Lastly, we examined relative plasma concentrations of analgesic medications taken by participants before and after 3 months of omega-3 supplementation. Several common analgesic medications were detected by the untargeted metabolomic analysis presupplementation in participants’ plasma, including the following: gabapentin, naproxen, ibuprofen, acetaminophen, and salicylate. None of the analgesic concentrations changed significantly postsupplementation (Table 4). Also, there was no self-reported change in analgesic use by the participants.

Table 4 En Balance-Plus participants’ relative plasma metabolite levels of analgesic medication with neuropathic pain symptoms at baseline and 3 months

Notes: Mean (SD) shown for each variable and group with corresponding Wilcoxon signed-rank P-value.

DHA supplementation was correlated with improved SF-MPQ scores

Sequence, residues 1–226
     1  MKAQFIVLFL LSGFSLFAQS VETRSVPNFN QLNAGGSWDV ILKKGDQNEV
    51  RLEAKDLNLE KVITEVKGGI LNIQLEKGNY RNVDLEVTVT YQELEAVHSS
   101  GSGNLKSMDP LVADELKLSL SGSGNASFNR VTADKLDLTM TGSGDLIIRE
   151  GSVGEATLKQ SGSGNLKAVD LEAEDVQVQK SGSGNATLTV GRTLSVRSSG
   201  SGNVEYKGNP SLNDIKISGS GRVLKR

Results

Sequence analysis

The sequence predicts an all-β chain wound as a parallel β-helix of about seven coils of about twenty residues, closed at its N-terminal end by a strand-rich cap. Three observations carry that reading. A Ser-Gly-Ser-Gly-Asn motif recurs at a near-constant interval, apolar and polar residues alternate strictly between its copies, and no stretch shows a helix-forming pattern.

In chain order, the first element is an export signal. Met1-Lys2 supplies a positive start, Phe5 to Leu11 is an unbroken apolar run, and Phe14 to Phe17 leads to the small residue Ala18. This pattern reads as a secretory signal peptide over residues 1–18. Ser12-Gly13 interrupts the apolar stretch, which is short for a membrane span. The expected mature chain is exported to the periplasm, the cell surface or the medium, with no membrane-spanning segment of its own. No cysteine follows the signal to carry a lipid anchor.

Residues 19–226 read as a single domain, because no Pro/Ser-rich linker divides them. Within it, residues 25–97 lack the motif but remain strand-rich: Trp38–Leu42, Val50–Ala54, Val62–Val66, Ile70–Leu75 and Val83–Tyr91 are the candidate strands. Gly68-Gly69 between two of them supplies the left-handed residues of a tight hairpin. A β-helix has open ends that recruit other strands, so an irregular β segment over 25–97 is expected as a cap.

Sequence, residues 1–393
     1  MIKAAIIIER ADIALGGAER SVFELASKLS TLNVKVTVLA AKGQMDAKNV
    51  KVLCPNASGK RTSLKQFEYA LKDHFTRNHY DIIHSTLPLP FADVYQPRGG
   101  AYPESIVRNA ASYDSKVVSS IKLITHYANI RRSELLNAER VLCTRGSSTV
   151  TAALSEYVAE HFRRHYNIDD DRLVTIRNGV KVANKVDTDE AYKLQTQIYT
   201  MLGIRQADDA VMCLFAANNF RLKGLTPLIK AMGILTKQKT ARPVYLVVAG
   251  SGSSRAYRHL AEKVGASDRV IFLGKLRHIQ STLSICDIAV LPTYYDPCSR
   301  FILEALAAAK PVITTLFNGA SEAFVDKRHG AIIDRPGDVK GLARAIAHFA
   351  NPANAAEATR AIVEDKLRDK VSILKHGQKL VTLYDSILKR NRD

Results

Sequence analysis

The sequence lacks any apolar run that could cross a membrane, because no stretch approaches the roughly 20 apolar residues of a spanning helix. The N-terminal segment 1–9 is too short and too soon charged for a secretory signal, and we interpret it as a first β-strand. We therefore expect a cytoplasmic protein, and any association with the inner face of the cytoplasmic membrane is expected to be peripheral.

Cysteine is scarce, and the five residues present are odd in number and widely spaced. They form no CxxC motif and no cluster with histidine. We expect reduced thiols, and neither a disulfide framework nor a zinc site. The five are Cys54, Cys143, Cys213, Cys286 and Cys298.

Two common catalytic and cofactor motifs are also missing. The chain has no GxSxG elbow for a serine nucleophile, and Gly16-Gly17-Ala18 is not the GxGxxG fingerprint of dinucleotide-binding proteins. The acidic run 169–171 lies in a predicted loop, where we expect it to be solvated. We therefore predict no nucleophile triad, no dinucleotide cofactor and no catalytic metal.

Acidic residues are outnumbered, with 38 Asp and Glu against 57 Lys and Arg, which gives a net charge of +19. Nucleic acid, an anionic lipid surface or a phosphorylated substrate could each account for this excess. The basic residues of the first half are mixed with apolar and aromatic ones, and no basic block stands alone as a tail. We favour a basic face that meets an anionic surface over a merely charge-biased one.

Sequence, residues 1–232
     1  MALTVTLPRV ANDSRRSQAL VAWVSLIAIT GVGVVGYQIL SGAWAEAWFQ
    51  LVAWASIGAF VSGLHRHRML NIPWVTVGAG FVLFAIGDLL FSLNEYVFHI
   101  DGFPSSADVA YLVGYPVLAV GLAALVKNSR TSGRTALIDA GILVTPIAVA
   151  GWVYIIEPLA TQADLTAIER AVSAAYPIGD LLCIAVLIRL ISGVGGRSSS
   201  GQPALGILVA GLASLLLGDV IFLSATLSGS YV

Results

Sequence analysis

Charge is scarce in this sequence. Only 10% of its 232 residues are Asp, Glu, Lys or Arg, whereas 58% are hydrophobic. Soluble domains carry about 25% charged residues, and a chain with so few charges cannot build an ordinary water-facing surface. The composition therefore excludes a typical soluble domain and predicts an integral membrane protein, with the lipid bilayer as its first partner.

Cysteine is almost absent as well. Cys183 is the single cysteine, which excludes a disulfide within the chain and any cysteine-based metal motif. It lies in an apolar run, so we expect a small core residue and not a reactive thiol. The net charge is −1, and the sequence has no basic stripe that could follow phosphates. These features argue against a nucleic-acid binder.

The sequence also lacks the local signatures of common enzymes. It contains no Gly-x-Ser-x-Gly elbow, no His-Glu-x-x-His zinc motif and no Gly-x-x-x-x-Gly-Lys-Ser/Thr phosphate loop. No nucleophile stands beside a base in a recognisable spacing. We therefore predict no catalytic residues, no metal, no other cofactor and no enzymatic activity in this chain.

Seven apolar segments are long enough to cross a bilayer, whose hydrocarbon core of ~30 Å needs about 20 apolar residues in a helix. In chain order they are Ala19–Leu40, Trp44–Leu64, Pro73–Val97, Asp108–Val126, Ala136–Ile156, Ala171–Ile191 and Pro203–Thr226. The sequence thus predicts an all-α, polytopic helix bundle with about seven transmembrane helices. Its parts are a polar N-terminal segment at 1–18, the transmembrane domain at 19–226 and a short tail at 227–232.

We performed linear regression analysis to determine the relationship between omega-3 PUFA supplementation and improvement in SF-MPQ sensory scores. We found a significant correlation between DHA levels measured in participants’ plasma and their self-reported improvement in SF-MPQ sensory score (n=26, r=0.425; P=0.030; Figure 3A) from baseline to 3 months. Interestingly, we did not find a significant correlation between EPA levels and improvement in SF-MPQ scores (n=26, r=0.219; P=0.282; Figure 3B). These results suggest that the DHA component of supplementation may be more important for improvement in SF-MPQ sensory scores in this cohort of participants compared to EPA. Next, we examined significant interactions between DHA and sphingosine levels pre- and post supplementation in participants reporting most severe sensory symptoms at baseline (SF-MPQ sensory >7). We found that relative plasma DHA change postsupplementation was predictive of lower relative levels of sphingosine at 3 months in moderate–high SF-MPQ sensory pain group (r=0.698, P=0.017; Figure 3C). Furthermore, we found a significant but moderate association using data from all participants (n=26) reporting neuropathic pain symptoms (r=0.4716, P=0.0173; Figure 3D).